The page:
REVIEW: Delicious and decadent

Private Lives SUS-170410-155539001
Private Lives SUS-170410-155539001

Delicious, devilish and a little bit decadent. Noel Coward’s Private Lives graces the Devonshire Park Theatre this week with a stylish revival.

Is it meaningful or trivial? More the latter, I think, but Coward’s wit and his intuitive understanding of romantic relationships still give life to this classic comedy, almost ninety years after he wrote it. And London Classic Theatre, under director Michael Cabot, re-creates it faithfully.

1930. Deauville, France. Two newly-married couples occupy adjoining honeymoon suites in the same hotel. The scene could be set for an idyllic, lazy light romance – except that two of the four protagonists have history: and their unplanned, unexpected reunion is as sweet as malt vinegar on strawberries.

Young newlywed Elyot – even the spelling is pretentious – is cavalier, slightly hedonist and a chauvinist without shame. “Women are meant to be struck regularly, like gongs,” he declares in one of Coward’s memorably classic lines. To modern ears, it’s so offensive that you half expect to find some angry socially-conscious group picketing outside on the theatre forecourt.

But Privates Lives was not written for 2017, nor for a socially conscious world, but only for Coward’s own circle and stratum of society, and his audiences relished it. Mark you, the play’s casual amorality drew scathing censorship from the then Lord Chamberlain.

In Elyot, the playwright has knowingly created a type, a provocative character who cares not a jot, and who speaks the language of his own limited world. Opposite him, Amanda is no battered ex-wife but a passionate, attractive woman quick with wit and words. Chemistry is an over-used word in theatre, but Jack Hardwick and Helen Keeley have absolutely nailed that fusion and fission which drives their teasing, incendiary relationship.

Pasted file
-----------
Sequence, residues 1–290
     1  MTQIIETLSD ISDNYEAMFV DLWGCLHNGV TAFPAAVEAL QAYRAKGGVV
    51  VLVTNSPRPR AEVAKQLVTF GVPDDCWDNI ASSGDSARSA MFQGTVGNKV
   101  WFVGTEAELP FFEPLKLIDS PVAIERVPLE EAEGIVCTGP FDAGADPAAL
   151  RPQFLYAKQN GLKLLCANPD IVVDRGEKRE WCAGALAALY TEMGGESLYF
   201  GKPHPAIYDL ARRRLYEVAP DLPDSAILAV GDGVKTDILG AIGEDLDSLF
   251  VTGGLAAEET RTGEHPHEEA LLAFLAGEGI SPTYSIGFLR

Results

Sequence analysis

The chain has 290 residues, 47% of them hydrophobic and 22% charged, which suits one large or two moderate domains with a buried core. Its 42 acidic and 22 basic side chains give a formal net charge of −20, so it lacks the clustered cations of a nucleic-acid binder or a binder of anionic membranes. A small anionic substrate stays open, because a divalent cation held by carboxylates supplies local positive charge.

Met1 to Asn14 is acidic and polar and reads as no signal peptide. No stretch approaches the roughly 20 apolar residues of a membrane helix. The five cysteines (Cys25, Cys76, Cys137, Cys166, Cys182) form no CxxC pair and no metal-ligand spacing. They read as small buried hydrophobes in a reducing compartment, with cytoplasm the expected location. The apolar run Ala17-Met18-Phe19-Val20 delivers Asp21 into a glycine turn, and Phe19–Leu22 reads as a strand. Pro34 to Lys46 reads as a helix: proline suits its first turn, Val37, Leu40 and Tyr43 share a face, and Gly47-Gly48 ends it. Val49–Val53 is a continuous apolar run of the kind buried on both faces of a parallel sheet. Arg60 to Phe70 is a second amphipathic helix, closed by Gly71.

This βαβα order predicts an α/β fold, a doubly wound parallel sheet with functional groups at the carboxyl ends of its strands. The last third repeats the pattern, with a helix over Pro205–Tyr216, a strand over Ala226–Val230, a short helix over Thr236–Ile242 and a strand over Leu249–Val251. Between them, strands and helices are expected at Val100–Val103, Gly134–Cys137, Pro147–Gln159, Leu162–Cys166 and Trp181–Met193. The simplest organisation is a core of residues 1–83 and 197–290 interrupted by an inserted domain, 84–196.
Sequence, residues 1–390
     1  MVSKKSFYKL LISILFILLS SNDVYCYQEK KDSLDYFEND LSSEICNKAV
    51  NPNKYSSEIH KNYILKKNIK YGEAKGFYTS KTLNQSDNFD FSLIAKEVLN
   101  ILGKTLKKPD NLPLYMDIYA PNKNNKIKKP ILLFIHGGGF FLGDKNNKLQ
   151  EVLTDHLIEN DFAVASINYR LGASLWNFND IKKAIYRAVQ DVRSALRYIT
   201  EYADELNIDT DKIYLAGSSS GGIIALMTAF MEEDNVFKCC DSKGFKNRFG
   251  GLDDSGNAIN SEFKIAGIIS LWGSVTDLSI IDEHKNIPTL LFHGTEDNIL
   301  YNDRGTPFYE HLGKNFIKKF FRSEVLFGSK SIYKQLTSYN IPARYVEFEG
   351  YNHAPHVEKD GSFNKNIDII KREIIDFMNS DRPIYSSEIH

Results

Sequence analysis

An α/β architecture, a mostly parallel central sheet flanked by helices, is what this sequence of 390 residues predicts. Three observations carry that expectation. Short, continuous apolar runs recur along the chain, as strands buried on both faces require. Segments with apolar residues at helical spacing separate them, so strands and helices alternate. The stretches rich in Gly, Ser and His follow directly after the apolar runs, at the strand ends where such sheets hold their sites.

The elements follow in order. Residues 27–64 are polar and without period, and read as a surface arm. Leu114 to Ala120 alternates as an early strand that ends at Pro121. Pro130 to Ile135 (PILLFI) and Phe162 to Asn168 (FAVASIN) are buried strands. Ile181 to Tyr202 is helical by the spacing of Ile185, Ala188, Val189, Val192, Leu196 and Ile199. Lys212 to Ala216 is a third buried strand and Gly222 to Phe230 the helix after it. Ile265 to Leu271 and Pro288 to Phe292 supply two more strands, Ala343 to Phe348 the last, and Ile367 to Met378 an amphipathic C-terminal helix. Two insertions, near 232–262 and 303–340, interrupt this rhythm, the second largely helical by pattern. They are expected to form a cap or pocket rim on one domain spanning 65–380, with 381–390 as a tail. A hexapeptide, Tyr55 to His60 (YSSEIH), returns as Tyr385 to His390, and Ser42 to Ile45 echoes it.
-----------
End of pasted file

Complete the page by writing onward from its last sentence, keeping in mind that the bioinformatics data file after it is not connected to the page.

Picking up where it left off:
Hardwick and Keeley exchange quips, embraces and insults in equal measure and with a machine-gun pace and timing that defies belief. Just occasionally it feels like pace for pace’s sake and the odd line is obscured. But the two-hander scenes in the second half are breathtaking – and all the more potent because the characters are never very likeable. Elyot’s narcissism is matched by Amanda’s bristling passion, and watching their duelling becomes a kind of guilty pleasure.

Coward wrote the two lead roles, just a little self-indulgently, for himself and Gertrude Lawrence. Sybil and Victor are unequal as counterweights – indeed, the Master called them “extra puppets … only to be repeatedly knocked down and stood up again”, although in the original production Laurence Olivier deigned to play Victor. Olivia Beardsley and Kieran Buckeridge actually do well to wind out their characters beyond mere makeweights. Olivia’s first impression is of a doting but clueless scatterhead, but even that she achieves hilariously, and by Act Three she too has fire in her eyes.

Kieran’s Victor also develops convincingly. Initially as buttoned-up as his double-breasted suit – a smart bit of characterisation-by-costume – he finally loosens the stiff upper lip and volleys his feelings at Sybil. A quite startling transformation, but gamely handled.

Completing the cast, French maid Rachael Holmes-Brown flurries her way through the marital chaos with some volleys of ripe Gallic scornfulness.

A splendid set, detailed and authentic, represents elegant Deauville hotel balconies in warm summer sunset, and then a Paris mansion flat with proper chaises-longues, and minor Impressionists on the walls. Well done to designer Frankie Bradshaw. Michael Cabot’s direction can afford to be quite light-touch, for his actors assuredly carry the dialogue and the action.

The production is halfway through a UK tour, and it feels professional and well bedded-in. Many in Tuesday night’s sizeable house will have seen the play before, but it is none the worse for reviving, and London Classic Theatre has shown the Master due respect, and done him justice. By Kevin Anderson.